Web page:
betacity


5 modes
August 22, 2016, 2:58 pm
Filed under: density, streets, Transit | Tags: , , , , , , ,

Advertisements


car reliance de vs
February 27, 2016, 8:53 pm
Filed under: Transit | Tags: , , ,

Buehler, Pucher and Kunert 2009



new Danish tunnel
March 28, 2015, 12:38 pm
Filed under: Transit | Tags: , , ,



good outcomes for higher taxes
January 6, 2015, 7:28 pm
Filed under: Uncategorized | Tags: , , , ,

Here is the last paragraph of Eric Jaffe’s article on gas taxes in the US. It projects some very good outcomes for higher gasoline taxes:

But in the long-run Americans would see some very real benefits from a price of gas that most closely reflected the true cost of driving. Fewer loved ones killed in car crashes. Healthier pregnancies and babies. More time spent with family and friends. Better access to jobs, and perhaps as productivity increased, higher wages. More livable developments and, with them, slimmer waistlines. Cleaner and quieter air. The sorts of things we can’t fit in our purses or wallets, but which cost us dearly just the same.

The Real Reason U.S. Gas Is So Cheap Is Americans Don’t Pay the True Cost of Driving, A gas tax that fully corrected for the social impact of car reliance would upend life as we know it, Eric Jaffe



who owns the street?
January 4, 2015, 3:09 pm
Filed under: Uncategorized | Tags: , , ,
I recently saw a guy in an oversize pickup almost hit a girl while turning a corner. He yelled at her – watch where you’re going, you’ll get yourself killed – in his mind it was her fault. Some of us onlookers yelled back at him and he drove off. He wasn’t used to not getting his two tonne way.
Below is a history of what it used to be like: manslaughter charges, the driver responsible not the pedestrian, streets for multiple uses, fatalities a public issue. Car lobbies changed all that and might became right and today we have bullies in a playground.

It wasn’t always like this. Browse through New York Times accounts of pedestrians dying after being struck by automobiles prior to 1930, and you’ll see that in nearly every case, the driver is charged with something like “technical manslaughter.” And it wasn’t just New York. Across the country, drivers were held criminally responsible when they killed or injured people with their vehicles.

[…]

“If you ask people today what a street is for, they will say cars,” says Norton. “That’s practically the opposite of what they would have said 100 years ago.”

[…]

“If a child is struck and killed by a car in 2012, it is treated as a private loss, to be grieved privately by the family,” Norton says. “Before, this stuff was treated as a public loss – much like the death of soldiers.” Mayors dedicated monuments to the victims of traffic crimes, accompanied by marching bands and children dressed in white, carrying flowers.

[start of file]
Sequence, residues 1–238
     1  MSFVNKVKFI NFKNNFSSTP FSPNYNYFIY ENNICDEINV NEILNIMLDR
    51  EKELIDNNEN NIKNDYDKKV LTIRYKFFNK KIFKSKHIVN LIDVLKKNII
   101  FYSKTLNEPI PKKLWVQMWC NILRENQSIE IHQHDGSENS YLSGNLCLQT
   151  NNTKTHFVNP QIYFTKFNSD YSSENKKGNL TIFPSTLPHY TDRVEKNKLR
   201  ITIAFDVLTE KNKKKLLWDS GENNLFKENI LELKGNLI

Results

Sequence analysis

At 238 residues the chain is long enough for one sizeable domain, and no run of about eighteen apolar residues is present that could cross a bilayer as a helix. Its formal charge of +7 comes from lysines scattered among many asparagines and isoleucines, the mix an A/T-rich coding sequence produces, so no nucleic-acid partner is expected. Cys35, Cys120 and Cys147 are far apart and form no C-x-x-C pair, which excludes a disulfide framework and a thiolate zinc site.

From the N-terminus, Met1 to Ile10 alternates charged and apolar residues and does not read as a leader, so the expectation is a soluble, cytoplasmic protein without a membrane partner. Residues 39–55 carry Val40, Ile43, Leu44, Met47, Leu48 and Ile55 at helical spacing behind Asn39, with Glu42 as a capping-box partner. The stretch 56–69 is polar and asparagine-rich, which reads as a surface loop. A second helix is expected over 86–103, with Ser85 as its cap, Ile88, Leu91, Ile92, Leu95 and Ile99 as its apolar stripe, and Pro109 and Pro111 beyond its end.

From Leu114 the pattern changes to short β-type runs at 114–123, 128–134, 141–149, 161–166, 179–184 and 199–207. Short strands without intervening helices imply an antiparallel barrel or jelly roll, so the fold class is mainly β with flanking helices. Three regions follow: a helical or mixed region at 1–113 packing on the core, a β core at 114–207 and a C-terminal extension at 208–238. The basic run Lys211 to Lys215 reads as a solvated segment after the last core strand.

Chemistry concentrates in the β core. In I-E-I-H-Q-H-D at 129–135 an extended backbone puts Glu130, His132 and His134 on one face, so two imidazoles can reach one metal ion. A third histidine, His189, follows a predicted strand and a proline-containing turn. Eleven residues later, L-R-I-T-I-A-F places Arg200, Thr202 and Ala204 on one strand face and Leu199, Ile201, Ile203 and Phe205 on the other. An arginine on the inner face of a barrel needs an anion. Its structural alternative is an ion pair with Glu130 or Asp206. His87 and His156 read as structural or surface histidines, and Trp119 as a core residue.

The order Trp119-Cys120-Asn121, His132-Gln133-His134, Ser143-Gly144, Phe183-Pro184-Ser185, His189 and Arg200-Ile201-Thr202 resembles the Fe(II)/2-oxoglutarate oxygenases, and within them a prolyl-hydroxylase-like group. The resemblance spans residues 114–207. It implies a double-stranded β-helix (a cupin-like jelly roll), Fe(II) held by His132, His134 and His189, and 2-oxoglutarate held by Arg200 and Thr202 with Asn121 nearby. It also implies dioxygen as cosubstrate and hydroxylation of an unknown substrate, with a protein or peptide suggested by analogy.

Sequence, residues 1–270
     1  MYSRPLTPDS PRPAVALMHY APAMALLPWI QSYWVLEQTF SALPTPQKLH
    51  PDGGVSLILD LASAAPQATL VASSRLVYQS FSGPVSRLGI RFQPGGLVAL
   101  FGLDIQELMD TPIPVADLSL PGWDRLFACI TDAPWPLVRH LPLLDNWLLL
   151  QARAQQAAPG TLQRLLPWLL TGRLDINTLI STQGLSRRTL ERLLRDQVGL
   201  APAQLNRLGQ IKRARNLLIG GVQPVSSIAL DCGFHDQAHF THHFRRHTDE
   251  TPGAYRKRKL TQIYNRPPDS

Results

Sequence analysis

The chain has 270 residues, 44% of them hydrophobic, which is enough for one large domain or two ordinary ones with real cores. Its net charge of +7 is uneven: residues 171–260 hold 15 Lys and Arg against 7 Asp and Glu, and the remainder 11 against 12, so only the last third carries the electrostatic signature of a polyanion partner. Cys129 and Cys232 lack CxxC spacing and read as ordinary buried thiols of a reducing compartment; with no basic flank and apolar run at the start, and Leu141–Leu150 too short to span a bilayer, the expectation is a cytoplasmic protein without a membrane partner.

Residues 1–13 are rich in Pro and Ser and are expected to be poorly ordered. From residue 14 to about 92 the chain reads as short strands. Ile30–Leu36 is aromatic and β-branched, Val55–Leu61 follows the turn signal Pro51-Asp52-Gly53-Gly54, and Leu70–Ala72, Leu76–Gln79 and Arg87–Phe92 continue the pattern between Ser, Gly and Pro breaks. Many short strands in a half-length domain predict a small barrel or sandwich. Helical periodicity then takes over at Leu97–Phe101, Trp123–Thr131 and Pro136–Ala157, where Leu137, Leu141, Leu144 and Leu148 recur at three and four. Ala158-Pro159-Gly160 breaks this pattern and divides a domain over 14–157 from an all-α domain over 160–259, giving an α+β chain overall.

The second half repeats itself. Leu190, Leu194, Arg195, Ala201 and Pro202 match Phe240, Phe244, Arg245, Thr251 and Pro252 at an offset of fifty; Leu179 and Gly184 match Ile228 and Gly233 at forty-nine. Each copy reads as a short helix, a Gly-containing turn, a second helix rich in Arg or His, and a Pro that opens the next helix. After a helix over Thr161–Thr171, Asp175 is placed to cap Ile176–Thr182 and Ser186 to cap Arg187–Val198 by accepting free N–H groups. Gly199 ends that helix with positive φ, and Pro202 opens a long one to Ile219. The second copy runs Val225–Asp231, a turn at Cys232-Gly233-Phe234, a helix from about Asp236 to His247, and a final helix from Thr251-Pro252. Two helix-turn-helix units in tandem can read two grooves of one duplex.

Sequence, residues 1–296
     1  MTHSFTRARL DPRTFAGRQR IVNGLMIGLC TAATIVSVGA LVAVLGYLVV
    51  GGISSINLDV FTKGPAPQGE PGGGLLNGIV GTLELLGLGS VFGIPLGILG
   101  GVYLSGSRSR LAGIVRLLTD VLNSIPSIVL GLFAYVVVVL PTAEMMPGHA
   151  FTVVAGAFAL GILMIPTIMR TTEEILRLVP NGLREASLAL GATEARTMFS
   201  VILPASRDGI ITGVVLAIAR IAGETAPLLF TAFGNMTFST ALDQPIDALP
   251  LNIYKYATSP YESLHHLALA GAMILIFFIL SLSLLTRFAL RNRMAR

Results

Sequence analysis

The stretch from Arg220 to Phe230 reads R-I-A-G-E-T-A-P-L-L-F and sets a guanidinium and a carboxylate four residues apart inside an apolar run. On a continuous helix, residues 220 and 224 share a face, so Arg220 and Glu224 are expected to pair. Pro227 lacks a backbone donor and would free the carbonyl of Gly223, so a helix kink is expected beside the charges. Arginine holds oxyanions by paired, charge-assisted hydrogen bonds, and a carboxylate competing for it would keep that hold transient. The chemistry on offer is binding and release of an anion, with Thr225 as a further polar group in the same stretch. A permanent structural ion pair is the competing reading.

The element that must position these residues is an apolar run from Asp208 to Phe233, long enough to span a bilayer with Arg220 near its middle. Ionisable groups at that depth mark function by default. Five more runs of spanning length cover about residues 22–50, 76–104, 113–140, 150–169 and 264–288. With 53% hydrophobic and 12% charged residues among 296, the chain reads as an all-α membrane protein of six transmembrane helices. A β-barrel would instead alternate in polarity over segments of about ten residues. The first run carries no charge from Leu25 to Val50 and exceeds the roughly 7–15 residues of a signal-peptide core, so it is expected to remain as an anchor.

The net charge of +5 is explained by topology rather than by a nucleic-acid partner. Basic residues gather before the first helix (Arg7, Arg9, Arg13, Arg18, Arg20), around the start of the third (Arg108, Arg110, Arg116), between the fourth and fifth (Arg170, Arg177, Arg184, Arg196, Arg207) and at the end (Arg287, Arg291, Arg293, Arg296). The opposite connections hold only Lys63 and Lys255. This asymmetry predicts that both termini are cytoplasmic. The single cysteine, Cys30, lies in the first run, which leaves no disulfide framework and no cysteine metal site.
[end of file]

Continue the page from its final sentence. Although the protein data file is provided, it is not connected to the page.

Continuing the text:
[…]

Norton explains that in the automobile’s earliest years, the principles of common law applied to crashes. In the case of a collision, the larger, heavier vehicle was deemed to be at fault. The responsibility for crashes always lay with the driver.

[…]

The industry lobbied to change the law, promoting the adoption of traffic statutes to supplant common law. The statutes were designed to restrict pedestrian use of the street and give primacy to cars. The idea of “jaywalking” – a concept that had not really existed prior to 1920 – was enshrined in law.

The current configuration of the American street, and the rules that govern it, are not the result of some inevitable organic process. “It’s more like a brawl,” says Norton. “Where the strongest brawler wins.”

The Invention of Jaywalking, The forgotten history of how the auto industry won the right of way for cars, Sarah Goodyear



Oh, well, accidents happen
November 12, 2013, 1:04 pm
Filed under: Cities, streets, Transit | Tags: , , , ,

Here is the incredibly passive Daniel Duane who describes how drivers are literally getting away with murder and then concludes that we must all abide by the law and recommends staying safe by riding on stationary bikes in our basements. What crap. When are we going to take on the dangerous drivers and abetting police for taking away our roads?

From the New York Times opinion pages:

But studies performed in Arizona, Minnesota and Hawaii suggest that drivers are at fault in more than half of cycling fatalities. And there is something undeniably screwy about a justice system that makes it de facto legal to kill people, even when it is clearly your fault, as long you’re driving a car and the victim is on a bike and you’re not obviously drunk and don’t flee the scene. When two cars crash, everybody agrees that one of the two drivers may well be to blame; cops consider it their job to gather evidence toward that determination. But when a car hits a bike, it’s like there’s a collective cultural impulse to say, “Oh, well, accidents happen.”

[…]

“We do not know of a single case of a cyclist fatality in which the driver was prosecuted, except for D.U.I. or hit-and-run,” Leah Shahum, the executive director of the San Francisco Bicycle Coalition, told me.

Duane’s pathetic solution:

So here’s my proposal: Every time you get on a bike, from this moment forward, obey the letter of the law … I’m sticking to the basement and maybe the occasional country road.

Is It O.K. to Kill Cyclists? Daniel Duane, The New York Times



streetcar logic
November 6, 2013, 11:28 pm
Filed under: Cities, Transit | Tags: , ,

The drivers of sixty single occupancy cars removed and put in a streetcar that takes up roughly one thirtieth the space – a clear depiction of the economy of mass transit.